After a nearly two-year investigation, the U.S. Occupational Safety and Health Administration has issued a preliminary finding that a Cleveland Hopkins airport employee appears to have been demoted in retaliation for blowing the whistle on runway snowplowing problems. CLEVELAND, Ohio – The U.S. Occupational Safety and Health Administration has issued a preliminary finding that a Cleveland Hopkins International Airport employee appears to have been demoted in retaliation for sounding the alarm on runway snowplowing problems and should be reinstated to his former position as airfield maintenance manager. In a letter this week to the city of Cleveland, OSHA Assistant Regional Administrator Mary Ann Howe wrote that the results of the agency's nearly two-year investigation suggest that Abdul-Malik Ali was warranted in blowing the whistle on a lack of de-icing chemicals and inadequate staffing on snow removal crews in recent winters. (Read the full letter in the document view below.) The letter goes on to say that Ali's demotion – the day after he met with an inspector from the Federal Aviation Administration to report the deficiencies – appears to be a form of retaliation for speaking out. That could constitute a violation of a federal law that protects employees from retaliation for reporting violations of FAA rules related to air carrier safety, the letter states. "The [city] has not demonstrated by clear and convincing evidence that it would have taken the same unfavorable personnel actions in the absence of Complainant's protected activities," the letter says. Howe emphasizes that the agency's findings are not yet final and said the city has 10 business days to provide additional evidence supporting its position. OSHA also invited the city to propose a settlement. A city spokesman declined to comment Wednesday, stating that the matter is the subject of pending litigation. Ali's complaint to the Department of Labor in 2015 states that in February of that year, he told FAA inspector Michael Stephens that his crews had been understaffed in violation of an agreement the airport had reached with the FAA three months earlier, spelling out how many field maintenance employees must be on duty to combat snow and ice. The following day, then-Airport Director Ricky Smith removed Ali from his 15-year post as manager of field maintenance. Ali said he was transferred to the job of "assistant to the deputy commissioner," instructed to clear out his office, moved to what he called a "mop closet" behind the cab booking stand on the terminal baggage level at Hopkins and given "make-work" assignments such as counting trashcans. The city responded by pointing out that Smith, at the time, was unaware of what Ali had told the FAA, and that Ali's conversation with the inspector was not the reason for his demotion. Instead, the city asserted, Smith reassigned Ali because of a long history of complaints that he was a poor manager and because of an incident – coincidentally on the day Ali spoke with the FAA inspector -- in which Ali was "too intoxicated to come into work during a snow event." Ali contends that he was off the clock at the time and was drinking a beer at home when he was ordered to return to the airport. The city called it the final straw that led to his transfer. In the following months, however, the FAA validated Ali's report of staffing shortages that led to runway snow and ice control problems. In September 2015, FAA officials sent the city notices of violations, listing dozens of dates when staffing at Hopkins fell far short of requirements, leaving inches of snow and ice uncleared from the taxiways and runways. Some of the most egregious infractions stemmed from a day in March of that year, when the airport's field maintenance crew was understaffed on all shifts -- with only four out of the required 18 maintenance operators working third shift -- despite a forecast calling for several inches of snow. As a result, snow and ice accumulated on runways, pilots refused to land, reporting poor braking conditions, and one taxiway went without anti-icing chemicals until well after midnight, the FAA found. The airport also failed to alert air carriers of the poor conditions and to deter planes from taxiing or landing on slick, hazardous surfaces, according to the FAA. The FAA proposed a civil penalty of $735,000. Last May, the city agreed to pay a $200,000 fine and pledged to improve its snow and ice control plan as part of a settlement with the agency. The city, however, has maintained that the incidents in question posed no risk to the flying public. While the FAA was investigating, Smith announced that he would be leaving the post he had held since 2006 to serve as the CEO and executive director of the Maryland Aviation Administration, responsible for overseeing public-use airports statewide. Ali's attorney, Subodh Chandra, said in an interview Wednesday that Ali feels vindicated by the findings of the FAA and OSHA. But he remains "hurt and baffled by the fact that no one presently in charge seems to be willing to do the right thing." "It is no shock that OSHA has determined that the city retaliated against Mr. Ali for reporting safety violations to the FAA," Chandra said. "But what remains shocking is the apparent continued unwillingness of the present airport administration and the mayor to take Mr. Ali out of the broom closet to which he was relegated and put him back in charge of keeping the traveling public safe. We hope that at long last that will change." // DV.load("", { width: 600, height: 800, sidebar: false, text: false, container: "#DV-viewer-3462389-Due-Process-Letter-2-13-17-to-Cleveland-Hopkins" }); // ]]>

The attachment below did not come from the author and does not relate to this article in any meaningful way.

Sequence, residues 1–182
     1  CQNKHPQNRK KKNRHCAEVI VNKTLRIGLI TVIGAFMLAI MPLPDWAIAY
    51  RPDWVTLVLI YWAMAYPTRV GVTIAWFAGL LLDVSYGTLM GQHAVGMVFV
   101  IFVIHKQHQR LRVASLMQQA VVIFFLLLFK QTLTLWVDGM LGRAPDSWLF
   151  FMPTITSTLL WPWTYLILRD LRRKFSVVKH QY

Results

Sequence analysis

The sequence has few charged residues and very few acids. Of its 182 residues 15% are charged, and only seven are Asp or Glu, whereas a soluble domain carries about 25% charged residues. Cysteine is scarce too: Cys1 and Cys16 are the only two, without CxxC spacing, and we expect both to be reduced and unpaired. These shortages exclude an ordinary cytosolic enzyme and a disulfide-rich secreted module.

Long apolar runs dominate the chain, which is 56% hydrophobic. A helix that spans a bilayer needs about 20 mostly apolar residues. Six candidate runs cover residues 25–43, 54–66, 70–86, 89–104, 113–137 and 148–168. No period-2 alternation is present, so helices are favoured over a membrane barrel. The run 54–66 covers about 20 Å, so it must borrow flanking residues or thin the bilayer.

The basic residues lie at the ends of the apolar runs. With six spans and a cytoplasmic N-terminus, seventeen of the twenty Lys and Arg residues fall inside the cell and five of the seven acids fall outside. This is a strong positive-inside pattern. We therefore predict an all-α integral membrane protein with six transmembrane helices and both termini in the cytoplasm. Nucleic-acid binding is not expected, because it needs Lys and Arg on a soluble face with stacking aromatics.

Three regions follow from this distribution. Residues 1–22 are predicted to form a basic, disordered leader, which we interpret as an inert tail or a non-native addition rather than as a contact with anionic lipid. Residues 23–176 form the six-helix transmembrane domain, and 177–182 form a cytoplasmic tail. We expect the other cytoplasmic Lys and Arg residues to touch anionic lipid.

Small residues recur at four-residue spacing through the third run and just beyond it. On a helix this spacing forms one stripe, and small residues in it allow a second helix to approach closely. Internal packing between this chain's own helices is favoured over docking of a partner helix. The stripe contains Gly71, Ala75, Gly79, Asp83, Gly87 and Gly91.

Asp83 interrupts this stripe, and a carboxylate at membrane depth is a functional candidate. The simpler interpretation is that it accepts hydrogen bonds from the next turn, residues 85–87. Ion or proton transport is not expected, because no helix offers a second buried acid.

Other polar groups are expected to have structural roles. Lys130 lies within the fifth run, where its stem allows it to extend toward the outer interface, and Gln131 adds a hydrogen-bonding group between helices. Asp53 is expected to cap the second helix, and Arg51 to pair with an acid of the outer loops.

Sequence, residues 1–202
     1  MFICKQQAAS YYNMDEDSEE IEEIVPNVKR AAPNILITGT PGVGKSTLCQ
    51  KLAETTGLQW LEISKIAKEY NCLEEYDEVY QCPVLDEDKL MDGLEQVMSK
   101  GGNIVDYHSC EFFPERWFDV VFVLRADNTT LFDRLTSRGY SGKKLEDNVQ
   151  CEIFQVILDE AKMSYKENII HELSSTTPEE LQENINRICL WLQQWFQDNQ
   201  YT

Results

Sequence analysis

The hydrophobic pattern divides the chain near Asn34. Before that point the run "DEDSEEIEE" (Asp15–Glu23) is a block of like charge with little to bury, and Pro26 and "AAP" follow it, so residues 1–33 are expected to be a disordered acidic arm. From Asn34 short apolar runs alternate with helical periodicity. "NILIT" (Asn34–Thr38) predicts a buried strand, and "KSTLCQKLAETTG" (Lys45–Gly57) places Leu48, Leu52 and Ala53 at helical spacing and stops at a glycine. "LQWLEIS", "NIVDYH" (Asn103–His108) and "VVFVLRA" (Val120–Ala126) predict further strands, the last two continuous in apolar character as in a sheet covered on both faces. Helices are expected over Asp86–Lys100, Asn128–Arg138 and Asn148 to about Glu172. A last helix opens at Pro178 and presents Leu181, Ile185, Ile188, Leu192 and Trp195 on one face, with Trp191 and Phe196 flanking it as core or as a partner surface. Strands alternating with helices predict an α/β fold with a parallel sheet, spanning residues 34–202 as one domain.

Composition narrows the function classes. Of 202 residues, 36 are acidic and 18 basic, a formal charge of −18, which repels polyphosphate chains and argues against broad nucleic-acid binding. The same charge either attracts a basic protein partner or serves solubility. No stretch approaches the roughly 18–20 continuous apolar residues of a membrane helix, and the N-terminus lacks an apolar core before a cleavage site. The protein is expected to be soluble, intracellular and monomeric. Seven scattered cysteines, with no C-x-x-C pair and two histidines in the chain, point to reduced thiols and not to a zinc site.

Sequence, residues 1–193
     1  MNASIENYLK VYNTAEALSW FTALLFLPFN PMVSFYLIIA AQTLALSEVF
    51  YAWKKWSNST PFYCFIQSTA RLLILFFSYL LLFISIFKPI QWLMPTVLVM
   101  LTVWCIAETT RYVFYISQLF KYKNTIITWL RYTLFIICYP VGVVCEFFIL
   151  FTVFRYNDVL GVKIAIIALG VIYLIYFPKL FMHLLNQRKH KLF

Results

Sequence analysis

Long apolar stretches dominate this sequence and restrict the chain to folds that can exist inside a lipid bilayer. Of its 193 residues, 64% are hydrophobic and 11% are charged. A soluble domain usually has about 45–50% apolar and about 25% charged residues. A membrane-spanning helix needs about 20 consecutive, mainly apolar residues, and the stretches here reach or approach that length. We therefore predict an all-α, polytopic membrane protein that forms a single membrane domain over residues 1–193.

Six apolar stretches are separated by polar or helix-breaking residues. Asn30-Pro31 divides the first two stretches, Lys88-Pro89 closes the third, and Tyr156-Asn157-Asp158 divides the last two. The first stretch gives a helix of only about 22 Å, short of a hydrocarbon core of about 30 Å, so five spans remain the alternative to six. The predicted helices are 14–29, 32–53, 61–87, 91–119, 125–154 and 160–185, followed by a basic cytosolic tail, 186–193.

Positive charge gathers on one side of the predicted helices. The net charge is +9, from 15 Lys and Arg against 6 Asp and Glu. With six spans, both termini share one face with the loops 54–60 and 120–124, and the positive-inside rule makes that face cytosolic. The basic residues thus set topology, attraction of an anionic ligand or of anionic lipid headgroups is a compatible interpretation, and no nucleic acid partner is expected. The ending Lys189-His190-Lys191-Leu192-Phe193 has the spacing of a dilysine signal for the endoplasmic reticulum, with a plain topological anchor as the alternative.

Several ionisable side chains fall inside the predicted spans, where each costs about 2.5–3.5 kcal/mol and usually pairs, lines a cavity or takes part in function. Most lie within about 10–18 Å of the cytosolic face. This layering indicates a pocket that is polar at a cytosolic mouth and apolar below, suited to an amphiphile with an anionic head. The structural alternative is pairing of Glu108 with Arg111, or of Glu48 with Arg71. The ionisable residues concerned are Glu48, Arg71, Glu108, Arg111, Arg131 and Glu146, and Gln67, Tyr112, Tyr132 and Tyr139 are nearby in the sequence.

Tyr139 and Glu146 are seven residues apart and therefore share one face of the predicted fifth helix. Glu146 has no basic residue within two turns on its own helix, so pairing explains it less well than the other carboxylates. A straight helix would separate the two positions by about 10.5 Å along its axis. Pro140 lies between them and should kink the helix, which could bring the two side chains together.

399 points by The Plain Dealer | Runway Southwest Airlines Airport Federal Aviation Administration Snow Delta Air Lines Airline Cleveland Hopkins International Airport